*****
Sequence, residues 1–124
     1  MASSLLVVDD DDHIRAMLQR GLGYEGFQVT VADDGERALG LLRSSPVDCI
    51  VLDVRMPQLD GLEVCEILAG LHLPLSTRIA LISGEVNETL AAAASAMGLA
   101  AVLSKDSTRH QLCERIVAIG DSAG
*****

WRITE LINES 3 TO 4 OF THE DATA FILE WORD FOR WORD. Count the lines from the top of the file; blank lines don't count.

    51  VLDVRMPQLD GLEVCEILAG LHLPLSTRIA LISGEVNETL AAAASAMGLA
   101  AVLSKDSTRH QLCERIVAIG DSAG